On the whole, taken all around, it's better if the world expects nothing from you. Earlier nobody knew Javed Akhtar had a son who could make movies. Part of the reason for Dil Chahta Hai's major success was that it started off as just another film. Lakshya, however, is not as lucky. It arrives with a lot of baggage. We went to meet it at the gate, hopefully, and were disappointed. Not least of all by the strange hairstyles.
Akhtar tries to do too much with three (yes, three) hours of reel, and ends up diluting the punch (punch intended). In effect, there is no punch, no zing, no mood in particular that you're left with after the movie.
The film starts off one day in the life of a nimrod (Hrithik Roshan). We might call him names, but Karan is a sweet chap and like most college students, he is clueless about the rest of his life. So we begin with a depiction of confusion, angst and general frustration over a world trying to pigeonhole a free spirit. This is the good bit, as you recognize with sickening clarity those parental lectures about your plans for 'the future'.
If there's one thing everybody, including his girlfriend and partner in hair-crime Romila (Preity Zinta), knows about Karan it's that all he needs is a goal in life. So to show 'em all - especially his father - Karan runs off and joins the army. But because he's there for all the wrong reasons, the only thing he succeeds in doing is making a royal ass of himself.
After an inglorious start, Karan decides he's had enough and returns home. His father is, sadly, not surprised at all, but his girlfriend is disgusted, and she dumps him. As he sits in the park and cries, Hrithik looks every bit the awfully young boy he's playing. But it's after this point that the movie lapses into the first of its many clichés, by sending him back to the army and turning him into a boy scout overnight. And things suddenly stop being any fun at all.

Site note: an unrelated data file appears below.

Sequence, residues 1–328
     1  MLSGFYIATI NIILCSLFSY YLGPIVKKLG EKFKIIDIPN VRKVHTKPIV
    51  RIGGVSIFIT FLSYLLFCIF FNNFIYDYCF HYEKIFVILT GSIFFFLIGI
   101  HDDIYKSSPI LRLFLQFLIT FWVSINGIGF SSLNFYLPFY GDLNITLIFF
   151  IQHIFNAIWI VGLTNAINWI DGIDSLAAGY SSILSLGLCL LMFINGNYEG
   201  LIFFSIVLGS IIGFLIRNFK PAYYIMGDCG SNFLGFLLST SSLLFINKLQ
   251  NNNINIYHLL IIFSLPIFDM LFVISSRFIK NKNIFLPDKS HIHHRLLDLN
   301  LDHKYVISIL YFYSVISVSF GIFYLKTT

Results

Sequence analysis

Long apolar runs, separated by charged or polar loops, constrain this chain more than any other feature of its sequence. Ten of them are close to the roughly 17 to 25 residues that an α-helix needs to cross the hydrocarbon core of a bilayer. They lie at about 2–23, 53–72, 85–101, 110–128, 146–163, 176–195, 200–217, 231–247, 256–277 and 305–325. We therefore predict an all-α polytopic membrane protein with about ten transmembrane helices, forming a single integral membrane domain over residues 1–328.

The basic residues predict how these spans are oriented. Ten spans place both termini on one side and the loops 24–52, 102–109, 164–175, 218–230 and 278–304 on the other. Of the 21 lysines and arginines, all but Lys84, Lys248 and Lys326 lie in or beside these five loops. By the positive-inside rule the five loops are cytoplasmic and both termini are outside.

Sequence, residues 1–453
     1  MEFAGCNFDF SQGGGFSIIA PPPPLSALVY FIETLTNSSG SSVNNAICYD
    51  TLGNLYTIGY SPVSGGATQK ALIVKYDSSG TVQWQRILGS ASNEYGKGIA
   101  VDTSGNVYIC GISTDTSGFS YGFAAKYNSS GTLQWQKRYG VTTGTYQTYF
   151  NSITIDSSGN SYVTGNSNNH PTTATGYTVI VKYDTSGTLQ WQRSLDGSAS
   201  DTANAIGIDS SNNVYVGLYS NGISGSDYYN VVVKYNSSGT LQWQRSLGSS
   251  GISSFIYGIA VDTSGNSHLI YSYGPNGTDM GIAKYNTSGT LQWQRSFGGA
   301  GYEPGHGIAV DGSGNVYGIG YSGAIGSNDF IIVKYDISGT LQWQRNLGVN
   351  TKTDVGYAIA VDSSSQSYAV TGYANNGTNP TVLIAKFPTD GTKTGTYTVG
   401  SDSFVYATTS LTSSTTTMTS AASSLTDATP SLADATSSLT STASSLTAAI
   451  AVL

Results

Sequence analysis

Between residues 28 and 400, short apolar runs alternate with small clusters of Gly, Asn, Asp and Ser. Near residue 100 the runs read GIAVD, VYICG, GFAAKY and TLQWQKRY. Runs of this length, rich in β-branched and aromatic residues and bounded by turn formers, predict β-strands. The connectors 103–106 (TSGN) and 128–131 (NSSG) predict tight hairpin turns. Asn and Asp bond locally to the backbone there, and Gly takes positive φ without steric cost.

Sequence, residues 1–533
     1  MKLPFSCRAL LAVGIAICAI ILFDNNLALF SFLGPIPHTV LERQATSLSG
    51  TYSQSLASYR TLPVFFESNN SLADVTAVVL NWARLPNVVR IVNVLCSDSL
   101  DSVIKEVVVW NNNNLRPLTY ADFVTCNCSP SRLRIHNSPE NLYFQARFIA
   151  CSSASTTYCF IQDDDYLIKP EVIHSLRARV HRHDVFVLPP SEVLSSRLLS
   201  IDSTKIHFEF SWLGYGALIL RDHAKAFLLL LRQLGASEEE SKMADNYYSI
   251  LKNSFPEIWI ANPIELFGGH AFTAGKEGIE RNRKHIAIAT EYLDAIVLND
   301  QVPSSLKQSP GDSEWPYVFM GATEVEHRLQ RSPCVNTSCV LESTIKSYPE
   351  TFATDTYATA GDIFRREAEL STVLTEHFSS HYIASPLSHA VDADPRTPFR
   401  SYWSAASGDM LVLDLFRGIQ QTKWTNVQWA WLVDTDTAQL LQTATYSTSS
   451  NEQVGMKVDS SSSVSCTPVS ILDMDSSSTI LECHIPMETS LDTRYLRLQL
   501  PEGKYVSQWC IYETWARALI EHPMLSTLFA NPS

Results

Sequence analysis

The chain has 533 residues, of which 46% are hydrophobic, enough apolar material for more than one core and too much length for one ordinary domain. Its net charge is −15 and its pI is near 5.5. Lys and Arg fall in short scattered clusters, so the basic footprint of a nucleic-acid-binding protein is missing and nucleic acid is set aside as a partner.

What starts off as a potentially interesting account of a rite-of-passage, is then lost in a war movie of sorts. We know that the confused young boy is being transformed into a resolved young man, but we can't see him for all the gunfire. Set during the Kargil conflict, Lakshya takes you to the LoC, where Karan's regiment is posted, under the guidance of Damle (Amitabh Bachchan looking every bit the old, untiring soldier he is).
The war terrain is barren, windswept and dangerous (of course), but strangely you can't taste the threat. Lakshya tells you the story of men who put their lives on the line and women who report news as it happens, but their world is painted in such clean, almost sterile tones that you have trouble believing there's actual sweat, blood and death happening around them. Preity Zinta is too placid, and perfectly put together to be the hard-nosed scribe she's playing. Scruffy hair and handloom dupattas do not a credible journalist make.
In the meanwhile, Karan finds his goal - the hoisting of the tiranga on a captured Indian peak. After we lost sight of him at the start of the war, he shows up again in all his vulnerability and trembling earnestness. Hrithik does a good job of this, and the combat scenes he encounters are shot very well.
As before, Farhan Akhtar's strength is his treatment of relationships, and the one between Karan and Romila is handled with complete maturity. Javed Akhtar's characters are understated and good; their dialogues, however, are far from inspired. You feel like you've heard it all before. We expected bigger, better things from Lakshya; and perhaps that's what tips the scales against it.